Absurdist fiction is a genre where the action does not need to follow a sequential order, neither does the plot need to begin and end. The characters do not have to be concise, nor represent anything nor anyone. The theme in an absurdist fiction is mentioned, elaborated, but not sequentially worked. It is most commonly seen in theatre and poetry rather than plain narrative, but it is also found there.
If you see any theatrical piece of absurdity what you will find is maybe a character which starts saying something and may not end it, then the action quickly switching to another time and place, and maybe even other characters showing up and similarly disappearing throughout the action for no real reason. In other words, it is very similar to those Obsession commercials from back in the 80s.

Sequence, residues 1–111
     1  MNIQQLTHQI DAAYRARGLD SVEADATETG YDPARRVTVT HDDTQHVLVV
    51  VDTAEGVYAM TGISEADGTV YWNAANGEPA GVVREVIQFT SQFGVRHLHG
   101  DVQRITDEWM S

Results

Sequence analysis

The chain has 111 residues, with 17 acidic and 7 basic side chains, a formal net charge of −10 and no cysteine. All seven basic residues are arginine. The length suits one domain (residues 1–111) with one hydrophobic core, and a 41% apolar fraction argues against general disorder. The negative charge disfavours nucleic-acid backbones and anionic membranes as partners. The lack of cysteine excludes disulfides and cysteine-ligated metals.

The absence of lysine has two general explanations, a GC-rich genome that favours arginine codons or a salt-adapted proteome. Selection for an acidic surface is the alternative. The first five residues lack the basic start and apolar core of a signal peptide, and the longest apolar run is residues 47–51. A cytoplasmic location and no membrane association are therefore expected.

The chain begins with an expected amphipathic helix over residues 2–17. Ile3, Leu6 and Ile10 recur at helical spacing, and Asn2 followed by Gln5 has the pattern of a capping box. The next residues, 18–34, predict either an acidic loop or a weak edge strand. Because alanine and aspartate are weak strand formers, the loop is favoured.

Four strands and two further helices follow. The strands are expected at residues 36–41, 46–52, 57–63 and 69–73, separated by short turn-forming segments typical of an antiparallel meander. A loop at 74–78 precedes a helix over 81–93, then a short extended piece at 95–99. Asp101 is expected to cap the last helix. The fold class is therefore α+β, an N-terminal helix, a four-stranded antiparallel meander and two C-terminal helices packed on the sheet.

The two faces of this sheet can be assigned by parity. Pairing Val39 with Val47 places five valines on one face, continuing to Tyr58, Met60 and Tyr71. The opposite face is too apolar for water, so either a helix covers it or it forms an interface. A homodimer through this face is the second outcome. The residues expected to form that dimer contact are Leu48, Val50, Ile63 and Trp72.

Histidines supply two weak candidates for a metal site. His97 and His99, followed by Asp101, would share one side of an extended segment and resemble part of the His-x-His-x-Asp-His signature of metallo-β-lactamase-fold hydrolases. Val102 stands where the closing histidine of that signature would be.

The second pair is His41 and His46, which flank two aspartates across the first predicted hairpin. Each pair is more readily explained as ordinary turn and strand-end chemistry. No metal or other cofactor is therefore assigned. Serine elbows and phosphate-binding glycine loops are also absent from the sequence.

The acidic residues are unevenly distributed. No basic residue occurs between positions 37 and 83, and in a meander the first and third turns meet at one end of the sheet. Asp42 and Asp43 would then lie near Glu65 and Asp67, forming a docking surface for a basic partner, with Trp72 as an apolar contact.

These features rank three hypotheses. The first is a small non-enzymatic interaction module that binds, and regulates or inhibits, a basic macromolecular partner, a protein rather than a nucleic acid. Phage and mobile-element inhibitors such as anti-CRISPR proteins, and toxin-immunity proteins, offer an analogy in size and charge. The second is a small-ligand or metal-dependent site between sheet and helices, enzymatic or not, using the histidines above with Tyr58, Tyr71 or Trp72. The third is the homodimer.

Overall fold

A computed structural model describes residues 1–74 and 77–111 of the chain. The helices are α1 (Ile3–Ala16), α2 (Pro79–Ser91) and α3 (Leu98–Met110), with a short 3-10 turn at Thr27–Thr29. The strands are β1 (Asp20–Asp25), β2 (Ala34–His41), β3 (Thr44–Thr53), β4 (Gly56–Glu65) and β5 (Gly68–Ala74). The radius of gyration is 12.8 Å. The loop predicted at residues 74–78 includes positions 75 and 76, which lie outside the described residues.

Absurd realism is also an existentialist-based genre. It also abandons most rules of traditional storytelling in that the characters may use free dialogue, themes might not be fully explained, and there may or may not be a "lesson to be learned". The thing with this one is that sometimes there might be a realistic central theme, but all that occurs around it is quite, well, absurd. The actions that take place are not as wild as with absurdist fiction, but also follow a trend of weirdness. An example of absurdist realism is said to be the story Catch 22.
The link provided might be of some help to you.
This was a hard one- hope it is of some help.